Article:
The main admission phase of Parcoursup started on the first of June. For those who know where they will be in September, this is (really) the time to look for accommodation. As the academic year comes to an end, studios and other small areas are freeing up, you can hope to have a little choice in some cities, housing in the most tense areas. Before starting, it is better to check a few points.
Don't overlook the impact of ECD on your finances
At the time of research, it is sunny and hot, we are often less attentive to energy expenditure; The windows are sometimes open, we see less mold. Only in winter, the cold and humidity can quickly become hell. Looking at the energy performance diagnosis (DPE), a document that must be provided by the owner, is a good way to check a little what will be your comfort and that of your finances: humidity and poor insulation make the temperatures felt lower and will force you to mount the thermostat, or simply the radiators. With the key to hefty bills.
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The DPE, which goes from A to G, makes it possible to identify thermal strainers, those that ultimately cost the tenant the most. Look at the heating, the windows, or the walls and ask the tenant questions if you come across him. Including the amount of his energy bills, he leaves the housing, he will have no trouble being transparent about the quality or not of the insulation.
Don't forget to ask for the charges
November, suddenly, no more city gas. Or cold water, without really understanding why. And then by calling Engie or GRDF, surprise: you have no contract subscribed to your name; Ditto for water... Pay attention to contracts and what is included in the charges or not. Depending on the city or building, part of the expenses is included or not in the "charges included".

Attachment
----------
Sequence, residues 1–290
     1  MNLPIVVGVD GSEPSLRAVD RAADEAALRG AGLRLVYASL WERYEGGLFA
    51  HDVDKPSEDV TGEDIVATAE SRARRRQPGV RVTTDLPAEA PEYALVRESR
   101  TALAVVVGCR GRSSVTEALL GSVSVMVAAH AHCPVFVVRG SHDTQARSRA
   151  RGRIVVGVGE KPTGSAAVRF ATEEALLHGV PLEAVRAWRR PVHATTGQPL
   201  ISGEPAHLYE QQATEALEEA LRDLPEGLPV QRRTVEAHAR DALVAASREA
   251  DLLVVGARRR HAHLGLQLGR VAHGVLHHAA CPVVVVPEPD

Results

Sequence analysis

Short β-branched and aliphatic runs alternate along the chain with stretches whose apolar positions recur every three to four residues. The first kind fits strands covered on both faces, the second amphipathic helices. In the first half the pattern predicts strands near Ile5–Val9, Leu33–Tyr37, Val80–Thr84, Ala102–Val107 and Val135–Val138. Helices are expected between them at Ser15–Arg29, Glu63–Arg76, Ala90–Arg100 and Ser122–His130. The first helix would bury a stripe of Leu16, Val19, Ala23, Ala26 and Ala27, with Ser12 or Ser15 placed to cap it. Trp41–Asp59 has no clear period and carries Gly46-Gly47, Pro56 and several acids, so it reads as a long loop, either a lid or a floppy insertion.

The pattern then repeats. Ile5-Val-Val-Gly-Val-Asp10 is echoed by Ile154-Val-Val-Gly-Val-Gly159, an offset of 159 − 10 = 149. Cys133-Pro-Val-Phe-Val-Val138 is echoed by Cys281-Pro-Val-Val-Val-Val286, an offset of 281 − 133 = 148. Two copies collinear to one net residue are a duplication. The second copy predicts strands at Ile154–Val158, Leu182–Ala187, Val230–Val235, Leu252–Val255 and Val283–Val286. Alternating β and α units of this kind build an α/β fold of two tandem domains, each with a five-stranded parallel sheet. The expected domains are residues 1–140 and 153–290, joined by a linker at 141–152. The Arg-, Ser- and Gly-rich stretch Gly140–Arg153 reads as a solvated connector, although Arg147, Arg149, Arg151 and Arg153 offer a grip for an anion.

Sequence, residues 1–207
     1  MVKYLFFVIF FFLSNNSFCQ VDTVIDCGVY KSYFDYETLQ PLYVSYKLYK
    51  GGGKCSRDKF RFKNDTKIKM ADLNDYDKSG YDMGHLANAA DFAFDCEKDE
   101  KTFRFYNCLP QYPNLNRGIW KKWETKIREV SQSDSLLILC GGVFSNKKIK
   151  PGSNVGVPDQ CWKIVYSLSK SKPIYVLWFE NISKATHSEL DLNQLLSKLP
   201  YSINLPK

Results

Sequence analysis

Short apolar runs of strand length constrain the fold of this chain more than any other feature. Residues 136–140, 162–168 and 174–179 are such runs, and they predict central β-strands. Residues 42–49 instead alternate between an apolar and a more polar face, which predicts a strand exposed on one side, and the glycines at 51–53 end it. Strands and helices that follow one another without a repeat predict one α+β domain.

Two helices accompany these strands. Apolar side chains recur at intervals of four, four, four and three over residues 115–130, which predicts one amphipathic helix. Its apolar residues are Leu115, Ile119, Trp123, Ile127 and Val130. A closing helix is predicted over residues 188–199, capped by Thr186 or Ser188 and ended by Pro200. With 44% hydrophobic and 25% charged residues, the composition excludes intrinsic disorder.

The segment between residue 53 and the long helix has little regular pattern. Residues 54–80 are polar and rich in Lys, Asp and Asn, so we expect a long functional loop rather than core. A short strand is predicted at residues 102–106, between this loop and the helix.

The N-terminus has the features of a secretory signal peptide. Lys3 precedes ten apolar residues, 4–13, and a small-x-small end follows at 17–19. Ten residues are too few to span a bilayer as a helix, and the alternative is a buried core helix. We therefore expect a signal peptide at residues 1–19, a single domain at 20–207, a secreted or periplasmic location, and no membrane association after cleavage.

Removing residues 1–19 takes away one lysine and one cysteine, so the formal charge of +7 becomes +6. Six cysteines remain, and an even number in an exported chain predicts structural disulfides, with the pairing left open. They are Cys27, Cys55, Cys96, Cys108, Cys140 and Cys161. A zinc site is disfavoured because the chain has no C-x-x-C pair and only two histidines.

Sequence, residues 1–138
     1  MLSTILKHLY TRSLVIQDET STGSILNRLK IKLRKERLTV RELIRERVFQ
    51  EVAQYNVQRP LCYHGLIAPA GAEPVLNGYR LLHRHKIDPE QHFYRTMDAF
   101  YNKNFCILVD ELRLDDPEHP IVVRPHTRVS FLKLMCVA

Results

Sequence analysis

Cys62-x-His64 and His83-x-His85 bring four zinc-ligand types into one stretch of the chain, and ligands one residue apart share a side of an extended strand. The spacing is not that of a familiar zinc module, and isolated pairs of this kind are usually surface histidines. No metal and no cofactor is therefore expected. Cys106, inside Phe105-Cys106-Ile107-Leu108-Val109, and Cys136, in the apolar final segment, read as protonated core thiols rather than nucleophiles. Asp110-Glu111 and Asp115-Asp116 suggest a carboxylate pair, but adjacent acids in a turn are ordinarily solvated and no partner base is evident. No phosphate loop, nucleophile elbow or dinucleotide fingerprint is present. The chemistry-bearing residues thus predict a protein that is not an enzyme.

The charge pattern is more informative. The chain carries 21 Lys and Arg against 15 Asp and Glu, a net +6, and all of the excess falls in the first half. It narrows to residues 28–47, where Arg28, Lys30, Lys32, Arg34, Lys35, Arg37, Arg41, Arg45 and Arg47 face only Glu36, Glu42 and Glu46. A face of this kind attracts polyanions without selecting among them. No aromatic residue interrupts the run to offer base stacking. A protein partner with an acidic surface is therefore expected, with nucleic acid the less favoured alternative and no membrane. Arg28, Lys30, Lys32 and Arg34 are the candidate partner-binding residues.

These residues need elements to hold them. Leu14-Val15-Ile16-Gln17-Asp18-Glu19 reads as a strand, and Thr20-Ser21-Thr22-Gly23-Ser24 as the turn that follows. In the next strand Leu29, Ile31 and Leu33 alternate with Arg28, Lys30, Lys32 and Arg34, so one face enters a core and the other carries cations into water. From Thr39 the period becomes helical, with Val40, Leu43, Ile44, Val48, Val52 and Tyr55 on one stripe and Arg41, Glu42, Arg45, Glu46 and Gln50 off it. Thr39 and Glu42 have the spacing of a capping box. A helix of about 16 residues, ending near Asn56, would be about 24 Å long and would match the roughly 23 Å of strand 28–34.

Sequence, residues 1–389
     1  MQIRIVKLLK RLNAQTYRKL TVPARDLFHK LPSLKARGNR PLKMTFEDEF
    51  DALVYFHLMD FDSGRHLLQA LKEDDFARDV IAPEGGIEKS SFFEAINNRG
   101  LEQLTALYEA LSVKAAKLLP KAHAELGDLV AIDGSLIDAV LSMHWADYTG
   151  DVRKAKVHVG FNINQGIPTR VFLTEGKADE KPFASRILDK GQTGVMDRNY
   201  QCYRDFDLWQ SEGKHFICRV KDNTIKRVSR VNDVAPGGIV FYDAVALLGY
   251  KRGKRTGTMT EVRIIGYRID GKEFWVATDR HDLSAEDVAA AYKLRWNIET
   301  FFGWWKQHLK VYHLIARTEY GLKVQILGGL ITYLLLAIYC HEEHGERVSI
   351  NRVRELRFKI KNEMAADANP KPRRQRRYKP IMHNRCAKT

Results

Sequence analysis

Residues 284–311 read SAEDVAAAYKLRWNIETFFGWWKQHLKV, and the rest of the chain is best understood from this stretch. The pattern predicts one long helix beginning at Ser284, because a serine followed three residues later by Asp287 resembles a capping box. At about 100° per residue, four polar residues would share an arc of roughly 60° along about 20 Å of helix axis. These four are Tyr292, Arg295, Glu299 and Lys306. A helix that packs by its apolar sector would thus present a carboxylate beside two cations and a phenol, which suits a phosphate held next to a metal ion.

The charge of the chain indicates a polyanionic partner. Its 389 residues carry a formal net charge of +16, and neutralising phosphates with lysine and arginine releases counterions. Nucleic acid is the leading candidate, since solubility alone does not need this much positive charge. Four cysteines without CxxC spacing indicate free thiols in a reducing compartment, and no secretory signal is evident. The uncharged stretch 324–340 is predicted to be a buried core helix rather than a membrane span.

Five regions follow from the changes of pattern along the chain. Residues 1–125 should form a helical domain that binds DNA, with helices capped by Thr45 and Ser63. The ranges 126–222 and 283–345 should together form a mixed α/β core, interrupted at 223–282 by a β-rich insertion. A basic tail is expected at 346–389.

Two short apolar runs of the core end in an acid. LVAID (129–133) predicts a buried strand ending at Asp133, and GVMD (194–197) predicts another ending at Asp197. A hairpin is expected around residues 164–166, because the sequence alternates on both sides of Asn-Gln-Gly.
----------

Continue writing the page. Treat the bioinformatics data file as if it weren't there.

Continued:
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Some owners will prefer to subscribe themselves to a boiler maintenance subscription and will charge you for the passage in one or more monthly installments, others let you manage and it is the surprise at the time of the annual maintenance (mandatory) of the boiler. Only one thing to do, check with the owner or agency who pays what and get the precise list. Because even if energy or water suppliers accept deadlines, the surprise is sometimes painful.
Beware of hidden costs
Another point of vigilance is the location and costs generated by a place that is too far away and poorly served by transport. It may be tempting in some cities to take further from the school, to have a larger surface area or to pay less for example. If metropolises like Paris or Bordeaux are relatively accessible by transport or bike, others less and student life could become at least difficult for outings or even join the school. At worst, expensive if you need a car or take a taxi at the end of the evening.
If the temptation to move away is great, calculate the gain in rent and loss with gas, insurance, buying or renting the car and possibly parking or parking, not to mention maintenance. Once you've done your math, choose! Another small calculation to be made, that of the supermarkets around: having a Monoprix or a Lidl does not have the same impact on your daily shopping. In other words, living in a maid's room behind the Champs Élysées will probably cost you more in shopping than if you live in Tolbiac.
Finally, pay attention to the mention of furnished: ask what is part of the furniture and what leaves with the previous tenant. Because if you see a washing machine during the visit, it will not necessarily still be there on the day of your move-in. Needless to say, if you finally have to buy one at the last moment, it may surprise you.
Bonus tip, go back to see the building at another time of the week, in the evening or on weekends to get an idea of the noise and atmosphere if you do not know the neighborhood.